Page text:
What Is the Difference Between Delirium and Dementia?

If mild forgetfulness is considered a normal part of getting older—misplacing keys, not remembering certain words, forgetting names—when is memory loss a concern?

Signs that point to more serious memory problems include difficulty performing everyday tasks such as driving or getting dressed, repeatedly asking the same questions, getting lost in familiar places, and confusion about people, places or time.

These symptoms are associated with dementia, a broad term given to the brain’s decline in memory and thinking skills. Dementia is a progressive condition, wherein symptoms worsen over a period of time. There are many types of dementia, but the most common is Alzheimer’s disease.

Delirium, on the other hand, comes on more suddenly (over a few hours or days) and is often related to an adverse reaction to medication(s), an infection or electrolyte imbalances. Examples of delirium symptoms include sudden confusion, difficulty speaking, personality changes and the inability to focus on one idea or task.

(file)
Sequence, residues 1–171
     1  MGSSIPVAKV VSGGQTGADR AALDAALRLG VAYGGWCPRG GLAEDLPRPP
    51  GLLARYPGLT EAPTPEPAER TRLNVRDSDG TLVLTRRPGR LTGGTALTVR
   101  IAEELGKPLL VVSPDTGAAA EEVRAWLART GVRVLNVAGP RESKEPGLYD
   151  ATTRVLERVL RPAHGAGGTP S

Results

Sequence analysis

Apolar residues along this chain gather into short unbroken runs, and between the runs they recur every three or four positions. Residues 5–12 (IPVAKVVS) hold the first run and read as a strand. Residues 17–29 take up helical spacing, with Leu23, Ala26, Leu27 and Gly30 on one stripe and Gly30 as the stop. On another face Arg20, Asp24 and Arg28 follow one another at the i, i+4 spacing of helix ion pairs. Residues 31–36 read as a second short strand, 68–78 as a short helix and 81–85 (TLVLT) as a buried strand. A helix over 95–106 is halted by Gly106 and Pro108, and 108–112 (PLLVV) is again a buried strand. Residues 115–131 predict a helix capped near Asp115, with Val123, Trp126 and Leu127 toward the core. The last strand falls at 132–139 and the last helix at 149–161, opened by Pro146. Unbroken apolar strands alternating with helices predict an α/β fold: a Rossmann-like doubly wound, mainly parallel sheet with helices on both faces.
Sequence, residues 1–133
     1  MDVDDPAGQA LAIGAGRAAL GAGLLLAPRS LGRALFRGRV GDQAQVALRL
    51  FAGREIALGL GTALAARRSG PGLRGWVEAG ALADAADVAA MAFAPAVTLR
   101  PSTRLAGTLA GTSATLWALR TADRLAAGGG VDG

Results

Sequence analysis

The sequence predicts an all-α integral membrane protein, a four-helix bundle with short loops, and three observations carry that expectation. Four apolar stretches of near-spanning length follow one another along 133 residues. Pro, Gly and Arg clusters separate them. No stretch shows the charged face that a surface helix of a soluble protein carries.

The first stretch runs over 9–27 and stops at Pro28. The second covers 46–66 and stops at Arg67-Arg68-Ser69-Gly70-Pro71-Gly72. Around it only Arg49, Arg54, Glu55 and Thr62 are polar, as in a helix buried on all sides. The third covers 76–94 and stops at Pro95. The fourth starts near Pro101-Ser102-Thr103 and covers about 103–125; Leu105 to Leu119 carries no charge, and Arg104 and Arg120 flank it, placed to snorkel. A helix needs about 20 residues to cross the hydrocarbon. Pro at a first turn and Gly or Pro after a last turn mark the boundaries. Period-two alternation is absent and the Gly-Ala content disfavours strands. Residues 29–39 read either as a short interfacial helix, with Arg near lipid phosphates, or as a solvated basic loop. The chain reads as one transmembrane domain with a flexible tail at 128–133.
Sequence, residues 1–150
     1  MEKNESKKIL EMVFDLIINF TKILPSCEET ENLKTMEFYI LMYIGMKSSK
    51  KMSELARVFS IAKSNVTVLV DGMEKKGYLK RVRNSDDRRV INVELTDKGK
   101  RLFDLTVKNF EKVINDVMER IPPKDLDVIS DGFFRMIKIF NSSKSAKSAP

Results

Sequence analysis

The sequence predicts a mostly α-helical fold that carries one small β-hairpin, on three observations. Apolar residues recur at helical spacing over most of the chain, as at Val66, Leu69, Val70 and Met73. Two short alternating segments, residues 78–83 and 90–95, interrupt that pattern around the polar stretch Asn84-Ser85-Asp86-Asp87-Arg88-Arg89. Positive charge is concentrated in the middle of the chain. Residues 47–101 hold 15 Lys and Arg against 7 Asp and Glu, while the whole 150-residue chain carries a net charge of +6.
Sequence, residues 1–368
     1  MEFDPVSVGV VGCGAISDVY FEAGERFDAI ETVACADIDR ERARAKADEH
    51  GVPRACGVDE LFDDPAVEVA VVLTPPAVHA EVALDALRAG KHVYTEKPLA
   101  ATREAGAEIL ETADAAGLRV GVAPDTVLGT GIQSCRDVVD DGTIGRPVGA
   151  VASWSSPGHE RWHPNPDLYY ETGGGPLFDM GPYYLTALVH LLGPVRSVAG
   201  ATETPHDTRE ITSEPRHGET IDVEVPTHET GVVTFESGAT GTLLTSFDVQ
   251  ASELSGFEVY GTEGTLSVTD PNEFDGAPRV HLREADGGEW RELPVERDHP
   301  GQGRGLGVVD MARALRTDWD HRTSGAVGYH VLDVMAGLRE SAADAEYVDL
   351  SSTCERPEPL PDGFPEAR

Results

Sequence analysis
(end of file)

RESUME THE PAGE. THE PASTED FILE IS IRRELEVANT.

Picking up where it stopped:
A person experiencing memory-related problems, especially if symptoms are new or sudden, should be evaluated by a primary care provider. A thorough and careful medical history is the most important step to determine the cause. 

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